Accessory File(8)

September 1, 2004

Planet Waves Planet Lock Strap
One horrific evening, during a bebop clinic with jazz pianist Bill Bell, one of my guitar strap’s leather ends somehow folded back the wrong way around the strap button and, right in the middle of one of Bell’s mesmerizing monologues, the strap pulled off the button and my solidbody crashed onto the hall’s tile floor. This not only resulted in a deafening, heart-stopping burst of cacophony, but also a broken headstock. It is in the interest of helping players avoid similar experiences that so many locking strap systems have been developed. One of the most highly evolved of the bunch is Planet Waves’ new Planet Lock guitar strap ($25 retail/$19 street). Each end of this strap features a tough, polymer locking unit that fits over just about any strap button and—thanks to a ratcheting dial you simply turn until it stops—absolutely will not come off your guitar until the release button is engaged. The only glitch I encountered with the strap came when I hooked it up to a Malden Karma guitar. While attached to the upper bout’s strap button, the plastic strap end was just big enough to rub against the side of the neck. No big deal, but you can bet that after a year of wild gigging, the constant friction at that point will show in the finish.

—Jude Gold

George L’s Solderless Speaker Cable
While tone gurus have been debating the value of different cable materials and construction geometry for decades, everyone seems to be in agreement that the ideal speaker cable should be no longer than absolutely necessary. With George L’s new solderless speaker cable system, creating the perfect, custom-length speaker cable has never been easier. Designed specifically to accommodate their 16-gauge speaker cable ($1 per foot, retail/street N/A), George L’s new solid-brass speaker cable plugs ($4.98 retail/street N/A) are available in either straight or right-angle versions, and with or without corrosion-resistant nickel plating. Assembly is a breeze. You simply cut the cable to length, trim one of the leads 1/2" shorter than the other, push the cable into the plug, and tighten the screw. In just minutes you’ve made a custom speaker cable that’s the perfect length for your particular application. Need it right now? George L’s also offers ready-made speaker cables in 5-, 10-, and 25-foot lengths ($17, $22, and $37 retail/street N/A).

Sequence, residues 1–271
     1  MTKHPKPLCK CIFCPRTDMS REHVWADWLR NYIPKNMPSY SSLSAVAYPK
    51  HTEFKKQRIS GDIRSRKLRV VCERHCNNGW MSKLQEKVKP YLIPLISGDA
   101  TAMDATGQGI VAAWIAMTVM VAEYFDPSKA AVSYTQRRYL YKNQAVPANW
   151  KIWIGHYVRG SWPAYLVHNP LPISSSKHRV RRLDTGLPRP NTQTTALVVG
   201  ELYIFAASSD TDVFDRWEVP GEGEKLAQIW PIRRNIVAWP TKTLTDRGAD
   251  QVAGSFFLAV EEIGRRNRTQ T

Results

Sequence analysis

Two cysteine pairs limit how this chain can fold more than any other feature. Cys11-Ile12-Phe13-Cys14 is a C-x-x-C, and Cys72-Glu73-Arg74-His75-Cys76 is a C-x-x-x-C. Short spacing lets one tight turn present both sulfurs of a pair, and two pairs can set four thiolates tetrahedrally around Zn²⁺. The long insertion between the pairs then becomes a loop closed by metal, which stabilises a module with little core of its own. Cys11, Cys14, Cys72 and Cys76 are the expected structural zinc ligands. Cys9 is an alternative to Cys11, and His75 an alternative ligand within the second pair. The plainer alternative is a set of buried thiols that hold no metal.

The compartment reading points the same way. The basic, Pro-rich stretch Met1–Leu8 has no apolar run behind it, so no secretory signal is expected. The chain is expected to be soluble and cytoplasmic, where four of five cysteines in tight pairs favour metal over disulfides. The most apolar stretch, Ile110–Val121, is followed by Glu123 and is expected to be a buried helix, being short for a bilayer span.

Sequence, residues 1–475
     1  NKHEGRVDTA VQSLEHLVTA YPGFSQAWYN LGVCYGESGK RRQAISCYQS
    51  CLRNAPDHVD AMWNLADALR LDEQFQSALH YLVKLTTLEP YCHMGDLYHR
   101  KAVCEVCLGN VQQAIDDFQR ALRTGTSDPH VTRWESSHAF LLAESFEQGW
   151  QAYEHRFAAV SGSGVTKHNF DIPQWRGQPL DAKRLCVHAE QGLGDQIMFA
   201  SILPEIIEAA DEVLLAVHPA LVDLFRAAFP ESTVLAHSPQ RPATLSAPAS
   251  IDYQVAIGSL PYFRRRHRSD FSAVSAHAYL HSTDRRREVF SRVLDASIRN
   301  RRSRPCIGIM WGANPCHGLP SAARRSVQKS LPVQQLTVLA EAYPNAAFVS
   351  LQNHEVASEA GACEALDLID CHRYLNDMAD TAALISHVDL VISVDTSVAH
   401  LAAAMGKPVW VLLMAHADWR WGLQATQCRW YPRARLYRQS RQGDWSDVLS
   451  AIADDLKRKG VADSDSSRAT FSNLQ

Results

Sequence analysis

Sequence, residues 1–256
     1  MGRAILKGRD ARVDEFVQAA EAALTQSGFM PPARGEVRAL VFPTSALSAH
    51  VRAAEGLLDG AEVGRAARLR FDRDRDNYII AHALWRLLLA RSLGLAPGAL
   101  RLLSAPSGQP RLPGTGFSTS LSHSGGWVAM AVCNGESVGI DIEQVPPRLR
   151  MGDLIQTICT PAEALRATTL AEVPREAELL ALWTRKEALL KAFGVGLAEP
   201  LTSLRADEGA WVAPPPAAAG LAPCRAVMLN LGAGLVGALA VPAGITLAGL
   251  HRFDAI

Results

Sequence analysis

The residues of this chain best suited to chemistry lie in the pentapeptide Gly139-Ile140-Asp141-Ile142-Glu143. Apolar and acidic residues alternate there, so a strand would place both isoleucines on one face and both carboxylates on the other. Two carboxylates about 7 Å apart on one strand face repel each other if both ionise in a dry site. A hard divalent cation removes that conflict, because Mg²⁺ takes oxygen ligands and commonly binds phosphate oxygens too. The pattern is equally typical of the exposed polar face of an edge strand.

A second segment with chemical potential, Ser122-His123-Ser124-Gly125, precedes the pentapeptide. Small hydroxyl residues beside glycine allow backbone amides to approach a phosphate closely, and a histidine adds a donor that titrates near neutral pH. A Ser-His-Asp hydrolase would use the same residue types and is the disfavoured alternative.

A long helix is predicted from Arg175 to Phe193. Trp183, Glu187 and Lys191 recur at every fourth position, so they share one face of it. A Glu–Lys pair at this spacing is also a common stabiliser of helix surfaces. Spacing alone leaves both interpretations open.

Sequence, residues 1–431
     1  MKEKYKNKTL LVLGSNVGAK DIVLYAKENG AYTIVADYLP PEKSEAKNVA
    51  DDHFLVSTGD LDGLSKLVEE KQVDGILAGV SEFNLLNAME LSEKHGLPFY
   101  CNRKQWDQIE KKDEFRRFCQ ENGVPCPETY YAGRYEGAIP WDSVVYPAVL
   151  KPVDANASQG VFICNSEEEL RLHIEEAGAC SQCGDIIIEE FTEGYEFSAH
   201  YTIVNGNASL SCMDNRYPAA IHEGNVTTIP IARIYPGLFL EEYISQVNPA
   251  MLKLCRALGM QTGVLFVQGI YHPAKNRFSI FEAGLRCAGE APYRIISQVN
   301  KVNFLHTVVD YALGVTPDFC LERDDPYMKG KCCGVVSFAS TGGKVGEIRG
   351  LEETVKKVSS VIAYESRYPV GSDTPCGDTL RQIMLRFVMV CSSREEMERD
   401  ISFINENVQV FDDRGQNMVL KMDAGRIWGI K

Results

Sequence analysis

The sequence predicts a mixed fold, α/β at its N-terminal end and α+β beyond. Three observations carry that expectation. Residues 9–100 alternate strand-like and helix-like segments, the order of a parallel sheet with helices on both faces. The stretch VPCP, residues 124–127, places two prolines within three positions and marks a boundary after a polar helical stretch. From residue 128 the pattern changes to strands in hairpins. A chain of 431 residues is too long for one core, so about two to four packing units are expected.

—Terry Buddingh

Fender Standard Tension Bullets
Fender’s Standard Tension Bullets ($10.50 retail/street N/A) feature German-made precision brass “bullets” at the end where a standard ball would normally be. Designed to fit precisely into a Stratocaster’s tremolo block, these conical-shaped ends won’t shift in position even during severe wanging sessions. The new Standard Tension Bullets (which are made in Fender’s Ensenada, Mexico factory) are designed to have a looser feel than Standard Bullet strings, which can feel a bit taut on some guitars. (For non-trem players, Fender also offers Standard Tension strings with ball ends.) I installed a set of .010-.046 Standard Tensions Bullets on my Strat and was very pleased with their feel, tone, and rock-solid tuning stability. If you haven’t tried Fender strings in a while, give these new wires a shot. You may find yourself singing, “Gimme Back My Bullets.”

—Mark Watson    

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